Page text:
Demonstrators hold signs while participating at a rally against anti-Asian hate on March 27, 2021 in Chamblee, Georgia. Photo: Elijah Nouvelage/AFP via Getty Images
Asian Americans’ psychological state over the last few years has been one of hypervigilance and pretending — constantly having to act as if everything is “business as usual” even amid high-profile anti-Asian attacks and the aftereffects of collective trauma, health advocates and experts tell Axios.
Driving the news: Though Asian Americans have always faced racism in the U.S., the spike in anti-Asian hate of the last few years has brought on a crisis of its own.
- Now, with the two-year anniversary of the Atlanta spa shootings casting a long shadow, data shows that the longer-term impacts of living in a state of heightened fear are emerging.
The big picture: People often assume that Asian Americans don’t need support systems due to “remnants of the model minority myth that are still so prevalent in today’s society,” said Sy Stokes, the vice president of research at the nonprofit research thinktank Coqual.
- But as Asian Americans across the country continue to grapple with acts of violence, many say cracks are appearing in ways that are interfering with their ability to live their everyday lives.
“I don’t think we’ve yet to contend with what that meant … like feeling like I can’t leave my house or go to the grocery store without being afraid that someone is going to say something or assault me,” Theresa Nguyen, the nonprofit Mental Health America’s chief research officer, told Axios.
- Older Asian Americans, who are less likely to be fluent in English, have been especially vulnerable, noted Joon Bang, CEO of the nonprofit Iona Senior Services. They “live with that grief, of not being able to communicate or not even being heard,” Bang said.
By the numbers: More than one in three Asian professionals feel that their relationships with managers or coworkers are “negatively impacted by the ongoing violence,” according to a January report released by Coqual.
- The study, which surveyed over 820 people of Asian descent, found that 62% of Asian professionals say their sense of safety traveling to and from work has decreased.
- Moreover, 36% say they have experienced racial prejudice at their current or former companies.
Zoom in: Another survey of 1,697 AAPI university students found that over a quarter reported experiencing COVID-related racial or ethnic discrimination — of these respondents, over two-thirds met the criteria for at least one clinically significant mental health condition.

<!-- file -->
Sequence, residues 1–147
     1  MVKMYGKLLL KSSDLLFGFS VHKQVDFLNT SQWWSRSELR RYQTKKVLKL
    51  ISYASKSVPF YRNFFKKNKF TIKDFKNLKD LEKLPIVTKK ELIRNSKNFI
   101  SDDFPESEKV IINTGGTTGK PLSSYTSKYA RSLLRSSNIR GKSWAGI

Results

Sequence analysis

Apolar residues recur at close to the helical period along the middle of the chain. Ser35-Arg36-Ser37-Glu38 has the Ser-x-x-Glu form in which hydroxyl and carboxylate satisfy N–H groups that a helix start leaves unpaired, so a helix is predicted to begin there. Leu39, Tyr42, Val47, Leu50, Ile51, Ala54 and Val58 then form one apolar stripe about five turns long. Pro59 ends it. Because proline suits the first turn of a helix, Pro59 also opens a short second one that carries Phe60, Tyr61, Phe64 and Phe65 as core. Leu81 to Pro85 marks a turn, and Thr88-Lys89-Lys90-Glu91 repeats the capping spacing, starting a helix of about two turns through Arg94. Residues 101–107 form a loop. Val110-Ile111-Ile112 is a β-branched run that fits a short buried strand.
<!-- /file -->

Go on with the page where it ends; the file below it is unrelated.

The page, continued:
- COVID-related discrimination was also associated with higher odds of having depression, anxiety, self-harm and suicidal ideation.
- People often forget that encountering racism is a traumatic experience, said Nguyen, who is a licensed clinical social worker. People of color then integrate those experiences into their narratives and identity formation.
Yes, but: Only 26% of Asian professionals from the Coqual report feel that their company or institution is “very vocal” about the issue of hate.
- The data affirms a broad swath of Asian Americans’ experiences, according to Stokes. “It is dreadful,” he told Axios. “When no one acknowledges that you’re not able to bring your full self into the workplace for that day, it feels dismissive.”
- Students have also raised concerns about the lack of support offered at schools, where many say racial traumas go unacknowledged. Several told Axios that their school hadn’t offered counseling to Asian students or even released statements on anti-Asian violence.
“Regardless of where you live it does affect you, especially emotionally,” said James Lam, a sophomore at Ayala High School in California.
- If schools made clear there were support systems readily available — such as mental health care or community violence services —”it would help a lot of students feel more safe whether or not they actually need to use the resources,” Lam added.
Worth noting: Many immigrants and their children are conditioned to believe that in order to survive, “suppressing your needs is the right thing to do for your family unit,” Nguyen added. “That makes open communication about these factors harder.”
- Because Asians are often left out of the discourse around institutional policies involving diversity, equity and inclusion, even when resources are offered they’re usually not targeted to the people impacted by the violence, Stokes pointed out.
- “You have to meet people where they’re at, and people spend more time at schools and in the workplace than we do even at home,” she noted.
The bottom line: The Asian American mental health crisis isn’t going away anytime soon — and “the worst thing that can happen is just that it doesn’t get talked about at all,” Nguyen said.